Listening Level By Level
Number one by far: Too many instruments jammed into too little space in the upper midrange. When the tonality is shifted-up, even slightly, or there is too much compression, or too much smear, there will be too many elements — voices, guitars, drums — vying for space in the upper area of the midrange, causing congestion and a noticeable loss of clarity.
With the more solid sounding copies, the lower mids are full and rich; above them, the next “level up” so to speak, there’s plenty of space in which to fit all the instruments comfortably, without having them sound like they are all piled up on top of one another as is so often the case.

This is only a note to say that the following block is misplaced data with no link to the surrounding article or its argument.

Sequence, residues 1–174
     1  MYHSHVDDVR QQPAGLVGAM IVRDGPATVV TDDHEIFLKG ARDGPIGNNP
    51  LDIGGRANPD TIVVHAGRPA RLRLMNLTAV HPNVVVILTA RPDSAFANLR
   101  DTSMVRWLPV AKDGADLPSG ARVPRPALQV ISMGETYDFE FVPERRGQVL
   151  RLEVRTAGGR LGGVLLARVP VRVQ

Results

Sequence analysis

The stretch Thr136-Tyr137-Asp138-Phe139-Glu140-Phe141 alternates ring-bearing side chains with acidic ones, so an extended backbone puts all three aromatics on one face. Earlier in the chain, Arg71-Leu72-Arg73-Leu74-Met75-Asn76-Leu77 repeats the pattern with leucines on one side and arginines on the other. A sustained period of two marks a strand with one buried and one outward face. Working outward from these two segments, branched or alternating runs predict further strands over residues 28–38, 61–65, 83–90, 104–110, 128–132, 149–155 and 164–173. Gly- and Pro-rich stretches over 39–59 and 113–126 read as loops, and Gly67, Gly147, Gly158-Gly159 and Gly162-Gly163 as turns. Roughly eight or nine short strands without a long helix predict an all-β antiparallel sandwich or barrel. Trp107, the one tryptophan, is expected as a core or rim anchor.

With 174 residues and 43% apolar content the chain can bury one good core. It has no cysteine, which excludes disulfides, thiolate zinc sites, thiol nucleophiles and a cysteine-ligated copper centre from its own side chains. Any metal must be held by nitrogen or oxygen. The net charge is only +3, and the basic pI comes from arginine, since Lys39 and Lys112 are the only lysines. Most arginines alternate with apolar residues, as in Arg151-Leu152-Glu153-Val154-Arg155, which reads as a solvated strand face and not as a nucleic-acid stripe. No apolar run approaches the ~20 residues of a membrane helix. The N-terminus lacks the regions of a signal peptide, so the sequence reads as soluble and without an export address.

With more space and less compression and smear the upper midrange does not sound overstuffed and overwhelmed with musical information.
Listening for Edgy Vocals
Number Two: edgy vocals, which is related to Number One above.
Almost all of Stevie Ray Vaughan’s recordings seem to have some edge to his vocals — the man really belts it out on his albums, it’s what he does — but the best copies keep the edge under control, without sounding compressed, dark, dull or smeary.